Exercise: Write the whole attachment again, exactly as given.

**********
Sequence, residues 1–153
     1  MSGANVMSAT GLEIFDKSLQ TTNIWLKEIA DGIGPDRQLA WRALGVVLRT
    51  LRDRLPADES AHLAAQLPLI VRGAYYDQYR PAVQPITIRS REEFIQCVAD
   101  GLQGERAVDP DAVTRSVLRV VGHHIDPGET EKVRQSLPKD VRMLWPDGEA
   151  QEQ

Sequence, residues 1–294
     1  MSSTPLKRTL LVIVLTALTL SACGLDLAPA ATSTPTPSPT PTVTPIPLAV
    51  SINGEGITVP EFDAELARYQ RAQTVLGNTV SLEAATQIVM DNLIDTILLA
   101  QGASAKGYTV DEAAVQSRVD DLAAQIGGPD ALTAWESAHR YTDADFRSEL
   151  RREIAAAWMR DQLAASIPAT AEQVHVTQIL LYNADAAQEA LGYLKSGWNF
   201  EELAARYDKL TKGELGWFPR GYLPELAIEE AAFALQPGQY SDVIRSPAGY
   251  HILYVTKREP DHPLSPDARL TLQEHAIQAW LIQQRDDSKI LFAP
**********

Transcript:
Sequence, residues 1–153
     1  MSGANVMSAT GLEIFDKSLQ TTNIWLKEIA DGIGPDRQLA WRALGVVLRT
    51  LRDRLPADES AHLAAQLPLI VRGAYYDQYR PAVQPITIRS REEFIQCVAD
   101  GLQGERAVDP DAVTRSVLRV VGHHIDPGET EKVRQSLPKD VRMLWPDGEA
   151  QEQ

Sequence, residues 1–294
     1  MSSTPLKRTL LVIVLTALTL SACGLDLAPA ATSTPTPSPT PTVTPIPLAV
    51  SINGEGITVP EFDAELARYQ RAQTVLGNTV SLEAATQIVM DNLIDTILLA
   101  QGASAKGYTV DEAAVQSRVD DLAAQIGGPD ALTAWESAHR YTDADFRSEL
   151  RREIAAAWMR DQLAASIPAT AEQVHVTQIL LYNADAAQEA LGYLKSGWNF
   201  EELAARYDKL TKGELGWFPR GYLPELAIEE AAFALQPGQY SDVIRSPAGY
   251  HILYVTKREP DHPLSPDARL TLQEHAIQAW LIQQRDDSKI LFAP